How to Make Perfect French Press Coffee

by Jenn on June 5, 2009

in Beverages,Breakfast,Dairy Free,Diabetic Friendly,Gluten Free


If I am not making a latte, I am often making beautifully aromatic coffee with my French press.  I love using a French press – no counter-space required, no fancy machinery, just some hot water.  The average one will run you $20-$30, that’s it.  And in my opinion, using a French press correctly will result in a better, stronger, and tastier coffee than traditional filter/drip methods.  This is because you brew the coffee with the grounds free floating in your water, giving them as much contact area and time as possible to release their flavor into your drink.

Of course the first step to an awesome cup of coffee is awesome coffee beans.  Currently I have some coffee that my dad brought me back from a recent trip to Brazil.  I’m sorry, but no matter what you do with bad flavorless coffee, you just can’t magically make it become awesome.  However, if you have decent beans, it will make a huge difference.

Next you need to grind your beans if they are not already ground (if you can, buy whole beans and grind them fresh each time, because they will retain their flavor longer – pre-bought ground beans tend to lose flavor quicker).  Fill your French press with the ground coffee – my press tends to fill about 3 mugs worth and this is how much I fill mine 1-2 cm:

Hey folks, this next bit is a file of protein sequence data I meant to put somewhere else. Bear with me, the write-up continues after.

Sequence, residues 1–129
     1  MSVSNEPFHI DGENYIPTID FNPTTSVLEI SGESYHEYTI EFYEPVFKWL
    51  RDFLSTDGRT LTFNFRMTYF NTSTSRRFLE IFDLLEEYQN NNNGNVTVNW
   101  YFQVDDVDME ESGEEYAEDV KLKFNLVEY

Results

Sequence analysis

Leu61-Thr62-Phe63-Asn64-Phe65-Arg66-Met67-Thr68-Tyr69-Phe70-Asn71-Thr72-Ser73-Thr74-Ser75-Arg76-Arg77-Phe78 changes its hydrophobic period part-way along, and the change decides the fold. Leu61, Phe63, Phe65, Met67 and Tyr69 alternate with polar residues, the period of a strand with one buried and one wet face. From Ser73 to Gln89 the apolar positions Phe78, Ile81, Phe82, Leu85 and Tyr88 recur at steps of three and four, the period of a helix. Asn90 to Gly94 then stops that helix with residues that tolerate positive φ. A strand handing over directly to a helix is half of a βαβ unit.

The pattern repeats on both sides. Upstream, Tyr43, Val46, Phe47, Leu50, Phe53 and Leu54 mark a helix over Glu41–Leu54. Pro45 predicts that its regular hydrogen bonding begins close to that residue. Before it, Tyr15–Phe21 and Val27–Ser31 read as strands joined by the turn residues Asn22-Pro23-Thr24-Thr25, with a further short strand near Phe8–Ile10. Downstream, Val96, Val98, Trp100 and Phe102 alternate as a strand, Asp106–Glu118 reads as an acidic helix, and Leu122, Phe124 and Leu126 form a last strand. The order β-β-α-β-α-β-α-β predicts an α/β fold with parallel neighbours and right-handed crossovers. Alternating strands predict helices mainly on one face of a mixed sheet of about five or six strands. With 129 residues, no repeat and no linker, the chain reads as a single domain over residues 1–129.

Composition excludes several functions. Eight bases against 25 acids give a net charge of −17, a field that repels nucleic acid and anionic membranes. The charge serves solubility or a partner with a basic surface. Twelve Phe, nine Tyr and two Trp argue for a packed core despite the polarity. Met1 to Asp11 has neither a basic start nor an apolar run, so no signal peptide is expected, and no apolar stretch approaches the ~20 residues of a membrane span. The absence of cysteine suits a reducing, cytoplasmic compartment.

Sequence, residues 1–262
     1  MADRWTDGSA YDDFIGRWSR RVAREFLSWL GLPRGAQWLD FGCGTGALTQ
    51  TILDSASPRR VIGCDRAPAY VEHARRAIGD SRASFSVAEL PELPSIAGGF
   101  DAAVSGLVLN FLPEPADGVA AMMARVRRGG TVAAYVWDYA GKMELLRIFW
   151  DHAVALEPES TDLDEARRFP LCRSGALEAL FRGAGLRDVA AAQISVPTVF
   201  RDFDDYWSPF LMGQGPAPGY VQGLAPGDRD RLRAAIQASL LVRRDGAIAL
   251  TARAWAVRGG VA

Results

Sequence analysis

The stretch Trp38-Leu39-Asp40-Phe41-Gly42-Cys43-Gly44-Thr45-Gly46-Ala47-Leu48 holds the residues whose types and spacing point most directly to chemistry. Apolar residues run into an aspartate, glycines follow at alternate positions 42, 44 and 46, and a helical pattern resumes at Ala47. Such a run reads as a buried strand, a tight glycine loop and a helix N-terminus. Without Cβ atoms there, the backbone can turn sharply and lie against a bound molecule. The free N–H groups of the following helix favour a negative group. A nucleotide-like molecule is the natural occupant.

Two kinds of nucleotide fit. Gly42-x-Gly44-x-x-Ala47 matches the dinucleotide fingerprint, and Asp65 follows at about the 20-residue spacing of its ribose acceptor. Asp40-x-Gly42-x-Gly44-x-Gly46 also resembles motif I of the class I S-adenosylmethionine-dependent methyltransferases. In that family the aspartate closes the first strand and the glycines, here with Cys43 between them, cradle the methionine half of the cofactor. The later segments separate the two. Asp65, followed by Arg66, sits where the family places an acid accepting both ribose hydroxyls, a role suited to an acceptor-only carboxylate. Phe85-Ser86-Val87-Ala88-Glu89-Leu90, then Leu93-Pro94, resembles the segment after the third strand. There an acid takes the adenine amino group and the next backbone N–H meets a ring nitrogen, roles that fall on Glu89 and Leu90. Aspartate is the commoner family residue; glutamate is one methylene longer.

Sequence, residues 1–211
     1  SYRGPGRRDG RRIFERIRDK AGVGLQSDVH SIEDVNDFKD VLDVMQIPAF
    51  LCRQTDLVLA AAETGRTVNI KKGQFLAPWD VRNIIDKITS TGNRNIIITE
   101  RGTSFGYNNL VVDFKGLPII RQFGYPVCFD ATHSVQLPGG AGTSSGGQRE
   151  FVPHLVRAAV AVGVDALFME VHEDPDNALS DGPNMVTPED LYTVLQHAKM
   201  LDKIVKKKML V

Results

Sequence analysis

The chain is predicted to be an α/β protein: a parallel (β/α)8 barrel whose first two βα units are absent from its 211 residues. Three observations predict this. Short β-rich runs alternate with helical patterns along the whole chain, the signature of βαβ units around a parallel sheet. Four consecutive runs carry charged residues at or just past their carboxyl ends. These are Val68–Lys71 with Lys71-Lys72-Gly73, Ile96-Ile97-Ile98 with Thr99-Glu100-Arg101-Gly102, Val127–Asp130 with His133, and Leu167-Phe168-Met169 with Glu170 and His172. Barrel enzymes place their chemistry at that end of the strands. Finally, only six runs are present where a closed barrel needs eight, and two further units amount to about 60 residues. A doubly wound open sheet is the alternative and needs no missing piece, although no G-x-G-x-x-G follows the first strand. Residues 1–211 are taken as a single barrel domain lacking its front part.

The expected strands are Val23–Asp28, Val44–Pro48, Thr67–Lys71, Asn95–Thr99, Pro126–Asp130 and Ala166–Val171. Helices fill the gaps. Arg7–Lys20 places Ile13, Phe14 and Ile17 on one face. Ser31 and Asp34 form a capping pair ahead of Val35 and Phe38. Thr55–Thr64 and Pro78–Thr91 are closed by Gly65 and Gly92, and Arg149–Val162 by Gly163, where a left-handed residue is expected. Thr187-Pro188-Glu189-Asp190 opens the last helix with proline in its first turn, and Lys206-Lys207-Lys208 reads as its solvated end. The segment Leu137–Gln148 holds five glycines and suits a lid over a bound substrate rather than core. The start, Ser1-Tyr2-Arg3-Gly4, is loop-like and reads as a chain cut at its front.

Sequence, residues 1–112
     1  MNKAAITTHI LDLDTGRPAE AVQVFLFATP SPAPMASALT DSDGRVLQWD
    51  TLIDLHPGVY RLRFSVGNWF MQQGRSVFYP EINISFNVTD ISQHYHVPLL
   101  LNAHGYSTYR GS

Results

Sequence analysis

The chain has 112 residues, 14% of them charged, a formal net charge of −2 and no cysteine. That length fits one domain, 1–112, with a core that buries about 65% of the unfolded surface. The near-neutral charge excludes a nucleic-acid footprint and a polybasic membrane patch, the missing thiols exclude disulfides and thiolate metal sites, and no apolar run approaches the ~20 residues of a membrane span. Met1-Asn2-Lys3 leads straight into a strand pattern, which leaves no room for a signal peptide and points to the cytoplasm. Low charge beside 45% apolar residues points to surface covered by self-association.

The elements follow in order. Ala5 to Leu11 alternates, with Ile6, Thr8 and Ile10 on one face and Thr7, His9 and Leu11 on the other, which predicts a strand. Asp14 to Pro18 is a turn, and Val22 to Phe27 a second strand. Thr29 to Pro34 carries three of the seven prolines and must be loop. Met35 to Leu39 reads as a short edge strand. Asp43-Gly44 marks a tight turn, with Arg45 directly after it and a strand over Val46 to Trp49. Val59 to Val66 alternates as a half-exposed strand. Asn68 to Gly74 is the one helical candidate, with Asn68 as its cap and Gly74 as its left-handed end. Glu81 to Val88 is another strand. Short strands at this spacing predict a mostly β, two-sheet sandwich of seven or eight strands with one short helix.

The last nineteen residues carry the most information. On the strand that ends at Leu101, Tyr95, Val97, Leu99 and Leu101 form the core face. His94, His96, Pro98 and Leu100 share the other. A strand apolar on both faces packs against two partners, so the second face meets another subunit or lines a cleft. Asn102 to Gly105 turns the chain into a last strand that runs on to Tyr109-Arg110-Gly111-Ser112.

Now all you need is some hot water, which is easy for me since I have a tea kettle that permanently lives on my stove.  Heat the kettle until the water is just starting to boil, and then pour over your coffee grounds.  Good coffee will develop a nice “crema” and some of the grounds will float to the surface.  A crema is typically associated with espresso brewing, but most everyone I know who uses a French press refers also to the crema formed by making their plain old coffee this way as well.  Crema refers to that foam that builds on the top layer of your coffee.  Let your French press sit like this for at least 5 but I typically let it go for closer to 10 minutes.  This will allow the flavor to develop in your coffee.

See the crema here – sometimes creamy will be more frothy, sometimes more foamy like this – I think that’s a function of the specific coffee you use:


Once the grounds have steeped enough, push the plunger in the lid piece all the way down to push the coffee grounds down to the bottom.  Now when you pour your coffee it will be filtered from the grounds.  Just pour into your favorite mug and prepare like you normally would – cream, sugar, etc.  Yum!

I also use my French press for brewing loose leaf tea, because the filter is perfect for straining tea leaves after steeping!